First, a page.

Virulence Factors and Immune Evasion in Leishmania spp.
Pp. 291-345 (55)
Jose M. Requena and Manuel Soto
Protozoan parasites of the genus Leishmania cause a group of diseases,
known as leishmaniasis, affecting humans and also household pets, mainly canids. In
the human host, different pathological outcomes ranging from self-healing cutaneous
lesions to systemic visceral leishmaniasis are produced by these parasites; these
diseases affect millions of people worldwide. Similar to a virus, bacteria and other
parasites, Leishmania need to evade immune destruction with the aim of completing
their life cycle in their mammalian hosts. Moreover, the long co-evolutionary history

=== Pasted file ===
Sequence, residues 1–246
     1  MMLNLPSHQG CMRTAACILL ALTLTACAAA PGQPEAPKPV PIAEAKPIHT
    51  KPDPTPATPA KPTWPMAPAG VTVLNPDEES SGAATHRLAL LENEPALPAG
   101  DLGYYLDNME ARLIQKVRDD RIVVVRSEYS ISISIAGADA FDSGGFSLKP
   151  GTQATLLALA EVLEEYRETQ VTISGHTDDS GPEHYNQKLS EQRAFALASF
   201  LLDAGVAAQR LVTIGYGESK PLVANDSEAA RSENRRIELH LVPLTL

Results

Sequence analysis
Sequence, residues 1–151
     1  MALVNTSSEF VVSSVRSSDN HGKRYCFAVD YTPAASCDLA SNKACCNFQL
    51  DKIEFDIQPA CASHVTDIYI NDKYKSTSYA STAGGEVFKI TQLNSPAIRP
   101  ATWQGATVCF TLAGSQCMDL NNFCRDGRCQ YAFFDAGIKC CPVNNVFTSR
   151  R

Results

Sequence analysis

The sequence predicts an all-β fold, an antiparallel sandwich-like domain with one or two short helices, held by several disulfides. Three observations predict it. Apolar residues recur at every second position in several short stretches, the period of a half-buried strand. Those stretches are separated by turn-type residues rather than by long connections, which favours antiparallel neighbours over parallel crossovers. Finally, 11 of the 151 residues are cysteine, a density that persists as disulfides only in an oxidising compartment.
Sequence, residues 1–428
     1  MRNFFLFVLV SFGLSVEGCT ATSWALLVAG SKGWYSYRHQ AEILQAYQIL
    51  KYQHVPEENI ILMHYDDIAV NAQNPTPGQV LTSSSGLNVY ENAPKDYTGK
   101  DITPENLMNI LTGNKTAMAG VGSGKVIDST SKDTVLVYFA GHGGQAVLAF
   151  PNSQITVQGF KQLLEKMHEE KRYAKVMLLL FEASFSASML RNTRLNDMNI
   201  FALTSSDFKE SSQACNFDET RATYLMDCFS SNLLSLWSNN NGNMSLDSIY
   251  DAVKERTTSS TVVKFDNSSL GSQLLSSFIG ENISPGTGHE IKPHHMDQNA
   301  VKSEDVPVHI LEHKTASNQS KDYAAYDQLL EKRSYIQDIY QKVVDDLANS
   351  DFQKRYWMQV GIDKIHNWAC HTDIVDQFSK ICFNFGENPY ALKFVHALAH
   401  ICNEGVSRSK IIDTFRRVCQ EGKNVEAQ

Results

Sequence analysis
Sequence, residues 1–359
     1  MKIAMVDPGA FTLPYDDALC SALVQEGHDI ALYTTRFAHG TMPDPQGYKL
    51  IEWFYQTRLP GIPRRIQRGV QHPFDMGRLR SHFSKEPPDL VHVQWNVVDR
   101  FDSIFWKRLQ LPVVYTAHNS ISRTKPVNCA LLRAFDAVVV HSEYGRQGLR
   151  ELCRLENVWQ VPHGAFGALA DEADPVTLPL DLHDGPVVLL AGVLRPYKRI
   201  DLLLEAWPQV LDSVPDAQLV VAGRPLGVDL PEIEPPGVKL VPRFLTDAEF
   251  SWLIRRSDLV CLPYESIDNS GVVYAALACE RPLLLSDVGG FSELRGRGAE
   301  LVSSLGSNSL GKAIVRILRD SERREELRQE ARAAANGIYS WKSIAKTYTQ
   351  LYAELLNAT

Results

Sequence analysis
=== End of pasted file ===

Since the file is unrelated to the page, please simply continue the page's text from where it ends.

between parasites of the genus Leishmania and their hosts for several millions of years
has led to a balanced relationship. To avoid the powerful immune system of mammals,
the parasite has developed a set of sophisticated mechanisms to persist, replicate, and
Complement system, Exosomes, Glycosylinositolphospholipids
(GIPLs), IFN-γ, Immune response, Lipophosphoglycan (LPG), Macrophage,
Neutrophil, Phagolysosome, Virulence factor.
Centro de Biologia Molecular Severo Ochoa (CSIC-UAM), Universidad Autonoma de Madrid, Madrid, Spain.